Plot twists have become somewhat of a phenomenon in pop culture, what with stories like Harry Potter changing the way we read (those darn horcruxes) and movies like Christopher Nolan’s Inception and The Prestige (which was originally a novel by Christopher Priest) changing the way many of us look at film–even denying us the ability to trust what we’re being shown. M. Night Shyamalan’s entire career as a scriptwriter hinges on his ability to craft unprecedented plot twists, and Stephen King makes us flinch at the turn of every page. In today’s writing culture, you have to be able to play into society’s need to be surprised, to let them think one thing and show them another, but that doesn’t always mean you have to leave the top spinning at the end of your story to forever torture the internet or heel turn the entire plot in a single moment of fleeting disclosure.
As F. Scott Fitzgerald, author of The Great Gatsby, said, “Character is plot, plot is character.” In other words, you–the writer–can show us any number of extraordinary things, but if they don’t affect the protagonist then, in the end, those things don’t matter. This varies by genre, such as with fantasy and sci-fi needing that extra world-building. But still, world-building is the history of the world your hero, or anti-hero, lives in. All that to say this: a plot twist can be as small as revealing the priest who leads the local AA meetings drinks a six-pack every night or showing your reader that Grandma Gretchen, the sweet old lady down the street, has a severe lying problem. Giving us these insights part way through the story might change things for us. When we find out that Grandma Gretchen has been lying about needing her wheelchair the whole time, we’ll question everything she’s ever said and done, and we might even speculate that she’s the culprit.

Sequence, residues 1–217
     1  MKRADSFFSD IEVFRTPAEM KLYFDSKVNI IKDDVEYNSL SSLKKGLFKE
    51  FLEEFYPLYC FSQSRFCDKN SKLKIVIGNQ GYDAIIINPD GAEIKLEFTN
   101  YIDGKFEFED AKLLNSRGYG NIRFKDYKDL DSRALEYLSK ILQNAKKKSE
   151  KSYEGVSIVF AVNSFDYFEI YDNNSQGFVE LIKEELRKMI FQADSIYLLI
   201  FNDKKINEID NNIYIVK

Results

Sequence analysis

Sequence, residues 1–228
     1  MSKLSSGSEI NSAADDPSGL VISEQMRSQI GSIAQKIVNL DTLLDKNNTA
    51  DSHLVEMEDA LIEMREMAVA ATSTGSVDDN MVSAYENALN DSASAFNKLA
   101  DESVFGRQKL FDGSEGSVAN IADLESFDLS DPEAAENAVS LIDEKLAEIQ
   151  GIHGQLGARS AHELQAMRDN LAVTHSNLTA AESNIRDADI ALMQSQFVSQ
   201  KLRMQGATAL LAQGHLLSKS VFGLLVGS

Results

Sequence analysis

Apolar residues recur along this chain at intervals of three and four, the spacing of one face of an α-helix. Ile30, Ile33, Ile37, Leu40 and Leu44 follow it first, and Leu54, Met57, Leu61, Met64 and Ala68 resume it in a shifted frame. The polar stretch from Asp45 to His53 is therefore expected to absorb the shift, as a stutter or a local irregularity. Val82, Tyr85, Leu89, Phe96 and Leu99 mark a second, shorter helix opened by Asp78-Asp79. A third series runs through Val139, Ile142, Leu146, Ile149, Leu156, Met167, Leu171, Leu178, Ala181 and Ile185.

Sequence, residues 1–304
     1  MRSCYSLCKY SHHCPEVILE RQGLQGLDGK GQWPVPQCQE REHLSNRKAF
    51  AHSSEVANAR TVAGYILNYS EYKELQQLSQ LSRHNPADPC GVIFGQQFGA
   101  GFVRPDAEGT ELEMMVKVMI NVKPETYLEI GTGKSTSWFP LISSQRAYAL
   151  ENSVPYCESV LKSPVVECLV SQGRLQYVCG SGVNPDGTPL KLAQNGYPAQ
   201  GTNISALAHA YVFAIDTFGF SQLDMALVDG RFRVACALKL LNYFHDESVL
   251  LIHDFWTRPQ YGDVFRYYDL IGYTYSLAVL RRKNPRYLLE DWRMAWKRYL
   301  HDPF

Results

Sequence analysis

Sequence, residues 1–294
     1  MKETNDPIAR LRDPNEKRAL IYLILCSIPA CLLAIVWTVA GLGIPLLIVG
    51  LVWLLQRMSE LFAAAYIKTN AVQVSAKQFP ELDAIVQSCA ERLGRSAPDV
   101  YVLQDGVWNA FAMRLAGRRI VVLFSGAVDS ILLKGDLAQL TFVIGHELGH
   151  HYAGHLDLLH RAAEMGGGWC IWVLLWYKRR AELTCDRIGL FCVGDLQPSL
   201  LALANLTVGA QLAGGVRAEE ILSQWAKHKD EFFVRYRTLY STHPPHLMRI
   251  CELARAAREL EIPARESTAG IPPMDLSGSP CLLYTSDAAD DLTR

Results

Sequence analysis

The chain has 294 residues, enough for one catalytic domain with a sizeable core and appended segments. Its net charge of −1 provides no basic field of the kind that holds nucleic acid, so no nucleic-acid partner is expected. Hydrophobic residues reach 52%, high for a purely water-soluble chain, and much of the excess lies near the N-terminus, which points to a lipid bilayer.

We’ve all heard that old saying, that the devil’s in the details. Those details are the crumbs that a writer leaves behind, giving the reader the idea that they know what’s going on, that they have a picture of the whole cookie. Using the Grandma Gretchen example again–a character I’ve only just made up and am already in love with–the writer might key the reader in that dear old Gretchen isn’t as sweet and truthful as she portrays when she, early on in our plot, forgets where she was on the night that Little Olly went missing. There’s a few crumbs. But she’s a granny, she can’t be expected to remember. And then the reader has their cookie, but while they think it’s a delicious peanut butter, it’s actually an evil oatmeal raisin cookie. There’s no huge, earth-shattering plot twist there, but rather a small character detail that hugely impacts our scope of the plot.
So, when writing your story, remember to live in the details. Even if you’re writing an intimate character portrait, leave something in the shadows for the reader, to have light shed upon it when, and only when, we need to see it. Essentially, remember the human elements: We all lie and hide aspects of ourselves sometimes, and if you stay true to your characters and their flaws, then those little twists will come naturally. Or, you know, you could leave the top spinning at the end. Grandma Gretchen probably would leave it spinning–because she’s evil.
I hope everyone is having a great March so far. Just a quick update on Mordecai Episode II, I’m still editing it and will share some stuff with you soon! For now you can still check out the first book in the series, Episode One: Bloodthirsty here.
See you next week!
Weekly Writing Prompt:
It wasn’t until her friend smiled that she knew what had happened…
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